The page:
Have you ever walked into a room, down an alley and had an immediate chill accompanied by a suspicion you aren’t alone?
There will always be believers and non-believers, but whether you believe or don’t believe there are ghost stories galore about Tampa Bay. Some stories are entertaining while others send creepy chills up and down your spine, but a majority of those stories return to the roots and beginnings of Tampa.
This week, in the spirit of Halloween, I decided to do some research about these ghosts that are said to haunt Tampa. I started off my ghost hunting venture to meet “The Doctor” a ghost that haunts The Refinery, a local farm-to-table restaurant in Seminole Heights.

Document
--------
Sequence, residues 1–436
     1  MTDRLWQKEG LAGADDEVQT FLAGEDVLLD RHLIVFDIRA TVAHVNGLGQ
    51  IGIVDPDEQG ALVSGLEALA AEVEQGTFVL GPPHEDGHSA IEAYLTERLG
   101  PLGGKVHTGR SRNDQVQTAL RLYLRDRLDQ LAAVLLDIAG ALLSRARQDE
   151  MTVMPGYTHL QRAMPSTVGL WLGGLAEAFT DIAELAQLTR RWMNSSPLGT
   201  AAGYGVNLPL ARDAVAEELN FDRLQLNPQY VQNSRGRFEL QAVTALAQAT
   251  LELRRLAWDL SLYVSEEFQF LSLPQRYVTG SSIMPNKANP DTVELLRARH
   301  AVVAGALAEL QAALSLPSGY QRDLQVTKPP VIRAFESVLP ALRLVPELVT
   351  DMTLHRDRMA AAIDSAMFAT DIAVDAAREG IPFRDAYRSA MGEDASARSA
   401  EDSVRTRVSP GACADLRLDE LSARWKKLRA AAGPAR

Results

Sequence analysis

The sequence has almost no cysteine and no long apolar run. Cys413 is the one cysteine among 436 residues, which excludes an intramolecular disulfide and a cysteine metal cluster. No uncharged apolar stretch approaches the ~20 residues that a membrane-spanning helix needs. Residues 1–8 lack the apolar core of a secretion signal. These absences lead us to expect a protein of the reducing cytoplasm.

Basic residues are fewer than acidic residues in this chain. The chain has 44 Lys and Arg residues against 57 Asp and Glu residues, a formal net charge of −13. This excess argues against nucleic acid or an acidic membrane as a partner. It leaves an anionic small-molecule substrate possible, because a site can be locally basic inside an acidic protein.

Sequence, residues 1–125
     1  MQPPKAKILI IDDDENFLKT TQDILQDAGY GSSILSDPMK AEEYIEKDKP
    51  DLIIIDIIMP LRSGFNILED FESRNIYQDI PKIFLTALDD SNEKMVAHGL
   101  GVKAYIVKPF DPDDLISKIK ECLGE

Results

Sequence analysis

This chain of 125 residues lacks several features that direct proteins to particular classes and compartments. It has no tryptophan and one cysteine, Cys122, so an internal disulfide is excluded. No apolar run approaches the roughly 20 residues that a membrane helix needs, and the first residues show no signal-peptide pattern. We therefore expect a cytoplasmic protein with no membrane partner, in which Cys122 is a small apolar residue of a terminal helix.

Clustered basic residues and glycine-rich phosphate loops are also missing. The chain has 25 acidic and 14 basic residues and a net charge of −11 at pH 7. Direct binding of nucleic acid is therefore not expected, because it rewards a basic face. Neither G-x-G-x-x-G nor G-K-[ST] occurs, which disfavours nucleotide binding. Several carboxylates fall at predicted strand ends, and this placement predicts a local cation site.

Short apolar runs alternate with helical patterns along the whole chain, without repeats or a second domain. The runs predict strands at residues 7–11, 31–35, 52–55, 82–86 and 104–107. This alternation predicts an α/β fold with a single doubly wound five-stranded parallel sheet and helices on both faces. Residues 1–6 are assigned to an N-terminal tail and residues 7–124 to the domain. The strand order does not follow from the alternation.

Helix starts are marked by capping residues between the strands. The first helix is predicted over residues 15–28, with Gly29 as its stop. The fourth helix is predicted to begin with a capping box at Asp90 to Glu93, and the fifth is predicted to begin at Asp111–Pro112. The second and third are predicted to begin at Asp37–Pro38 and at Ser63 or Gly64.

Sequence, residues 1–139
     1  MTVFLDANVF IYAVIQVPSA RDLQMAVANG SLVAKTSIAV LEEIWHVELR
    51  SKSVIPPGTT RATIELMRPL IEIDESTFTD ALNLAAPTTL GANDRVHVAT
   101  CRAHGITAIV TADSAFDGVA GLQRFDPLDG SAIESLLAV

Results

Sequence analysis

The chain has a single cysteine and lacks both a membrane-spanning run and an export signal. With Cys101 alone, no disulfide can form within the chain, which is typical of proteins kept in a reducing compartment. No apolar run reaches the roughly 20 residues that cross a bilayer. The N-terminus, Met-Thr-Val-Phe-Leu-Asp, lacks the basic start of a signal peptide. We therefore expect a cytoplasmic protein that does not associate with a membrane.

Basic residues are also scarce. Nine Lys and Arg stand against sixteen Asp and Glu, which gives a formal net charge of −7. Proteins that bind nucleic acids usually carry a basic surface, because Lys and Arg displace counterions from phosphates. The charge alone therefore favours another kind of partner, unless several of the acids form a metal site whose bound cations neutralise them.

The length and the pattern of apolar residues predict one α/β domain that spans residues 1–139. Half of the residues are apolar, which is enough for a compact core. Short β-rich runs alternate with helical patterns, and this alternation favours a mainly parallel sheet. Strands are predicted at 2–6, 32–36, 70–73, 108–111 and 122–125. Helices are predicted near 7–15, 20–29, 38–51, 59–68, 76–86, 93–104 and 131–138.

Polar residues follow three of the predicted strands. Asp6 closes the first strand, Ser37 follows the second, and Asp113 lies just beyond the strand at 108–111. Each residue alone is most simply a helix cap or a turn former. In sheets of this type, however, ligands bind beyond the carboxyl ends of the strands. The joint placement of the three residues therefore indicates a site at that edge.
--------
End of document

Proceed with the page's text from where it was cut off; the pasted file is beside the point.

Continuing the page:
I sat down with Chef Greg Baker, wife Michelle, Chef Eric and some of the staff at the Refinery who all have encountered this ghost they named “The Doctor”. So, why did they name their ghost “The Doctor”? Before I answer that… let’s start with the location.
The Refinery is located in historic Seminole Heights off of Florida Avenue. The restaurant site is an old carriage house that neighbors a bungalow. Due to a fire in the records department there are no real dates or proof of the origins of the house, but one thing is for sure, there is someone there who refuses to leave.